Along with a likely 2-percentage-point cut in the corporate tax rate in the FY18 Budget, the government may also make a similar reduction in minimum alternative tax (MAT) rate to keep the differential tax treatment intact for zero-tax firms, sources said, reports Prasanta Sahu in New Delhi.
Also, there could be some change in MAT rules for computation of book profits (on which the tax is applied) in view of the implementation of new accounting standard — Ind-AS — by a large number of firms from April 1, they said. The idea is to ensure that the MAT liability of firms doesn’t inflate as a result of the notional increase in book values arising out of fair-value accounting.
While the average effective rate of tax on corporate income is around 23%, much lower than the marginal rate of 30%, MAT serves as a threshold below which the tax incidence on profit-making firms can’t fall. The revenue forgone on corporate tax incentives stood at R1.06 lakh crore in FY16.
This was partly offset by the revenue from MAT of R46,510 crore. MAT is currently applied at a rate of 18.5% and including surcharge and cesses, it goes up to 21.34% in case of Indian companies and 20% in case of foreign companies. Currently, an Indian firm attracts 30% corporate tax rate, which adds up to 34.6% with surcharge and cesses. MAT is levied on companies that show book profits and declare dividends to shareholders but don’t pay any income tax as their earnings under provisions of income tax rules were either nil or insignificant thanks to various tax incentives availed.
In Budget FY16, finance minister Arun Jaitley announced a plan to reduce the corporate tax rate from 30% to 25% in four years. In the subsequent year, he cut the rate to 29% for those companies which reported total turnover/gross receipts up to R5 crore in FY15 and to 25% for newly incorporated domestic companies. Industry, which has expecting a rate reduction for all of corporate India and a clear roadmap for the move towards the 25% rate accompanied by withdrawal of various exemptions, was rather disappointed. As per the blueprint, all tax corporate incentives for which no end date have been specified in the law will be phased out from April 1, 2017.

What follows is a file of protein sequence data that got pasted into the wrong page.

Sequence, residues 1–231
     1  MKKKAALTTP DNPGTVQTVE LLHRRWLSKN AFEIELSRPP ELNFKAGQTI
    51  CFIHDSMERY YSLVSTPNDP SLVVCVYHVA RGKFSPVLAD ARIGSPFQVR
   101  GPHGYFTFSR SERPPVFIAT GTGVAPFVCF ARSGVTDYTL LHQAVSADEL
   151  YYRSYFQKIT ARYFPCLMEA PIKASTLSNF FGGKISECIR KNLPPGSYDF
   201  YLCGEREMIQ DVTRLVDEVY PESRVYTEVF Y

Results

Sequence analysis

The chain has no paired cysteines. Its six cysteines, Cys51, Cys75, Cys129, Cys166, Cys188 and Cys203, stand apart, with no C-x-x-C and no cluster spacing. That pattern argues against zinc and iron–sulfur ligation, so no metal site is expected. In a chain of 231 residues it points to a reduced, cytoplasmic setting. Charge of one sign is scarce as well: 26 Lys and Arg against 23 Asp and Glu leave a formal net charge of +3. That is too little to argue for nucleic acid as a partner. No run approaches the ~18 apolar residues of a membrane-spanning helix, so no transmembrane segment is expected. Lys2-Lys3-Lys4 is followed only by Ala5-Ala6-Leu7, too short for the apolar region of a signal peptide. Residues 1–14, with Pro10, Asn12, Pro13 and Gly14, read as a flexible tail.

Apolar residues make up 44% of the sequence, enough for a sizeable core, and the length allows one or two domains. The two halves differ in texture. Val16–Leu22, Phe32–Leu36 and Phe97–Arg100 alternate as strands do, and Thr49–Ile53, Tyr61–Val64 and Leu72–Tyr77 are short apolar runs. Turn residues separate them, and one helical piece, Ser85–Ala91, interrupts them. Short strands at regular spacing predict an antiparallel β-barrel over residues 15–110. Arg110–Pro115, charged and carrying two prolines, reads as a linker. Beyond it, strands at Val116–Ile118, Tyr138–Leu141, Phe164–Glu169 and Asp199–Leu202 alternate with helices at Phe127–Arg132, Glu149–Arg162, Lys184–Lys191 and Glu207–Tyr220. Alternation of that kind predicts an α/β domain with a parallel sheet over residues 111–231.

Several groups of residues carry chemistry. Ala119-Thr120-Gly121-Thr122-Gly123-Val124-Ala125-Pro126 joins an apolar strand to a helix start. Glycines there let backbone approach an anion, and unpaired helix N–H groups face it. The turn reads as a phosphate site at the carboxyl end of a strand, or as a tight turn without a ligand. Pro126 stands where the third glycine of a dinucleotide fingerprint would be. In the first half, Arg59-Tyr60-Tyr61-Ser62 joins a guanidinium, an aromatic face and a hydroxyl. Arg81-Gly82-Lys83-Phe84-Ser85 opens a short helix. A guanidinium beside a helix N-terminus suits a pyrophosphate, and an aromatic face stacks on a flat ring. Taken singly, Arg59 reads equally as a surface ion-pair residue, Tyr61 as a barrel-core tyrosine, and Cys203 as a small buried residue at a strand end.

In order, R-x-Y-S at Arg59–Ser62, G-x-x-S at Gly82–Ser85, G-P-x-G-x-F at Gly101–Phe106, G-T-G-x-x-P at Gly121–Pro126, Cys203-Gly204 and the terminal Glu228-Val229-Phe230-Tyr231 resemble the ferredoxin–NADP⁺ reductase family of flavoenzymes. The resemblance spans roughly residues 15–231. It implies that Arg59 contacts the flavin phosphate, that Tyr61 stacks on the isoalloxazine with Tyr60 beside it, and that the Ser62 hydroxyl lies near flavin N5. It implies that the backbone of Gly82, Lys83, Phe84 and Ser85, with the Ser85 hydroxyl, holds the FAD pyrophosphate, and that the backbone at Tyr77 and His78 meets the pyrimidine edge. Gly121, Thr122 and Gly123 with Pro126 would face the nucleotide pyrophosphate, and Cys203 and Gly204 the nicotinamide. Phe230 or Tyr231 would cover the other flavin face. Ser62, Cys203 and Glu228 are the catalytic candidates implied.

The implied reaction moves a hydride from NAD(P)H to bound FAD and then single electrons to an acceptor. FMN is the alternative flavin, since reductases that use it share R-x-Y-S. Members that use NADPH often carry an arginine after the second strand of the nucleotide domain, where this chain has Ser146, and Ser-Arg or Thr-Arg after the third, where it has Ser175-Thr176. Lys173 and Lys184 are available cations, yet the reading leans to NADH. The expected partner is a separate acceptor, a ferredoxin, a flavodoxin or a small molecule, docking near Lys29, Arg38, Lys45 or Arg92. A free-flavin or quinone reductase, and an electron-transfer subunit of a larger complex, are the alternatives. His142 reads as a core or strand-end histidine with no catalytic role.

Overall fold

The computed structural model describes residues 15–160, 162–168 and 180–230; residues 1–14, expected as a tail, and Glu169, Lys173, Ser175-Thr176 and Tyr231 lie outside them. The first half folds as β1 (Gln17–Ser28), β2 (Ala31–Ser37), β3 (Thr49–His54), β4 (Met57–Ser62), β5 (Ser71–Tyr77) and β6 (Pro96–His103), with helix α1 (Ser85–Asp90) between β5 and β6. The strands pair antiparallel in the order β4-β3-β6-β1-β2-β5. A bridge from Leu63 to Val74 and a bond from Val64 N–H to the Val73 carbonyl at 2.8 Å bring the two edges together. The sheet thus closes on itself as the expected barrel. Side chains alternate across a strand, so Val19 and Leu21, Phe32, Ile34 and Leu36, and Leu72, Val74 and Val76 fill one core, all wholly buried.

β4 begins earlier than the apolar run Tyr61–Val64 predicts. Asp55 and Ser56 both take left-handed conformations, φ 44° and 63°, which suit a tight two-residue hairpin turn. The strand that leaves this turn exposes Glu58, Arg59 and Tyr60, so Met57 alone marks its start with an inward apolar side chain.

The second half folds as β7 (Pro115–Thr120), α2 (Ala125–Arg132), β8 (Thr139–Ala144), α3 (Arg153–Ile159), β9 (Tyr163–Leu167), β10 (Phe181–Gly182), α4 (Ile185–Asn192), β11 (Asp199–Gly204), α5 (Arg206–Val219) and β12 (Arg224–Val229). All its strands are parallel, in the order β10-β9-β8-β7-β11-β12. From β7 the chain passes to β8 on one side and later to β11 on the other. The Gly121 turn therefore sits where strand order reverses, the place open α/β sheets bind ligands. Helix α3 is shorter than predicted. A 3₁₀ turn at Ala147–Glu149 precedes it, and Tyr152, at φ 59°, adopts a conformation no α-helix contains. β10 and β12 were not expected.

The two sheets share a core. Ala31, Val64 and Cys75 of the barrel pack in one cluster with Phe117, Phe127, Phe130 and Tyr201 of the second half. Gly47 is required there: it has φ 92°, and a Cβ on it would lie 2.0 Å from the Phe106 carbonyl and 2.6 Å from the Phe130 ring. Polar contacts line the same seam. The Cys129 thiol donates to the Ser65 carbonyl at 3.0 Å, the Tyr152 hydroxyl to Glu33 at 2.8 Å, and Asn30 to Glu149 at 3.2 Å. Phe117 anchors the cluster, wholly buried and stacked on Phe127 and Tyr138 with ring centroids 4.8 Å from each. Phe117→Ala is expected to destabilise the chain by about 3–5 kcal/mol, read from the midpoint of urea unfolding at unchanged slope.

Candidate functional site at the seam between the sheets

“India has to reduce its corporate tax rate to a lower mark-up because many countries including Singapore, the UK, Sri Lanka, Vietnam and even the US have either lower rates than us or are have announced plans to rates to below 20%. There is a global pressure (on India to reduce tax rate on companies),” said Sanjay Kumar, senior director at Deloitte India. In that scenario, the MAT rate also would also need to be cut by the same margin to keep the tax differential intact as a large number of companies pay this alternative tax instead of normal corporate tax, Kumar added.
After the introduction of Ind-AS for all companies with a net worth equal to or above R500 crore from the start of this financial year, many firms have seen their MAT liability increase by 10-20%. The new globally compliant accounting norm will be extended to unlisted firms with a net worth of R250 crore or above and all listed firms from April 1, 2017. “As a result of transition to Ind-AS, certain adjustments would be required to be made by the companies including adjustment in the opening values which may have significant impact on the computation of book profits for MAT purposes,” said Gaurav Karnik, tax partner, EY India.